Fake olive oil in Brazil, Czech’s check honey and Spanish seizures
The second of this series takes us to Poland, Mexico, France, Spain, Brazil and Czech Republic.
Salmonella caused an outbreak in a nursery in Chotomowie, Poland at the start of April with a link to pasta with egg and croquettes with meat.
Local media reported 100 people had been sickened, mostly children and many of them hospitalised.
More than 50 people fell ill after eating at a rotisserie chicken site in Zapotlanejo, Mexico.
E. coli was detected in the accompanying sauce, said health officials.
The Ministry of Agriculture Livestock and Supply (MAPA) has identified irregularities in 45 brands of olive oil among 140 collected in the last two years.
They inspected 279 samples from 214 lots and 38.7% of the lots had problems and 79% of the irregularities were related to low quality.
The most common fraud practiced was the use of vegetable oil with lampante oil.
Analysis was done by the National Agricultural and Livestock Laboratories (LANAGRO) of Rio Grande do Sul and Goiás.
Spanish authorities have seized 18 tons of food and 6,000 litres of beverages in Melilla.
Five inspections were carried out in shops and warehouses and found breaking of the cold chain, expired or unlabelled products and food and beverages in languages other than Spanish.
Controls at border crossings with Morocco were responsible for some of the seizures.
French customs officers at Hendaye seized 53kg of cocaine when checking a truck from the Netherlands with two men on board.
The driver presented documents covering the transport of 1,370 cartons of infant formula to a company in Spain.
However, officials discovered a fitted cover along the trailer ceiling containing the drug packages.
Státní veterinární správa (SVS) found two consignments of salted chicken fillet from Brazil which contained Salmonella.
Stricter supervision of Brazilian supplies is in connection with the suspicion that meat imported into the EU from Brazil could be unsafe.
Státní zemědělská a potravinářská inspekce (SZPI) found 12 of 25 honey samples breached regulations during a sampling exercise.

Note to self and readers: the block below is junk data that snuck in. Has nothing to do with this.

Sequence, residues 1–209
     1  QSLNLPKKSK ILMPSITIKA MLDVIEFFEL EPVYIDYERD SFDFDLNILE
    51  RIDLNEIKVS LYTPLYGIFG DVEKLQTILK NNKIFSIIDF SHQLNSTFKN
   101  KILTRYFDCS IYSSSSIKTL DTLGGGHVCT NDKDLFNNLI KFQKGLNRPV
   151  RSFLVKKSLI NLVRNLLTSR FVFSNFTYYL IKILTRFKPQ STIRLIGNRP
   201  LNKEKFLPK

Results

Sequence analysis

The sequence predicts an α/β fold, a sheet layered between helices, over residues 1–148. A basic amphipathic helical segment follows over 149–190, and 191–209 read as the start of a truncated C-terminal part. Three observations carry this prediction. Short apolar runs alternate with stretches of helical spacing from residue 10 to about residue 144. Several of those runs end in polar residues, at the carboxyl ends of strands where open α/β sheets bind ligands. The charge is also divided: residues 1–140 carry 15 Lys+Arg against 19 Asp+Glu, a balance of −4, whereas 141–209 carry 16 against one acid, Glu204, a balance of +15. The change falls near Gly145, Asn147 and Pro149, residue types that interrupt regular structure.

Irregularities included misleading labeling of botanical origin, presence of other sugars and caramel E150d (adding of colourings by which light honey or colourless sugar solutions are coloured).
The Moroccan food safety agency (ONSSA) seized and destroyed 478 tonnes of products unfit for consumption in March. This included 320 tonnes of red and white meat, 152 tonnes of fishery products, two tonnes of milk items and four tonnes of various other food products.
SENASA has destroyed 15 tons of grapes in Argentina transported in three trucks without the required documentation proving origin.
INVIMA (Instituto Nacional de Vigilancia de Medicamentos y Alimentos) in Colombia was part of a joint operation that seized more than 2,700 kilos of beef in Neiva.
The agency said it was not possible to establish the name of the plant where the cattle were slaughtered and the site did not have the relevant authorization.
Invima urged citizens to buy meat in legal and recognized establishments.
A program developed by Penn State scientists helped to train students in Armenia on food safety practices and procedures.
Catherine Cutter, professor of food science and Siroj Pokharel, postdoctoral researcher in food science, partnered with Virginia Tech to bring the Food Safety Systems Management Professional Certificate Program to the International Center for Agribusiness Research and Education in Yerevan, Armenia.
The certification program covered introduction to food science, microbiology, sanitation, thermal processing and acidification, hazard analysis and critical control point (HACCP) and food defense.
Students visited Armenia Wine, Noyan Juice, Marianna Dairy and Biella Meat processing facilities.
Cutter and Pokharel became involved after a request for qualified food safety educators in Armenia came via the Innovation for Agricultural Training and Education program (InnovATE), a USAID-funded initiative run by Virginia Tech with Penn State, Tuskegee University and the University of Florida.
Montenegro and Slovenia have signed an agreement to cooperate on areas including food safety.
The Action Plan defines activities the two sides will carry out in accordance with the needs of Montenegro and the challenges toward EU membership.
Montenegro aims to complete accession negotiations during the term of the current government.
Milutin Simović, deputy Prime Minister and minister of Agriculture and Rural Development and Dejan Židan, Slovenian deputy Prime Minister and minister of Agriculture, Forestry and Food, signed the deal.
Židan said that Slovenia recorded growth in food processing and exports and supports agricultural producers with schemes for young farmers aimed at attracting young people to agriculture.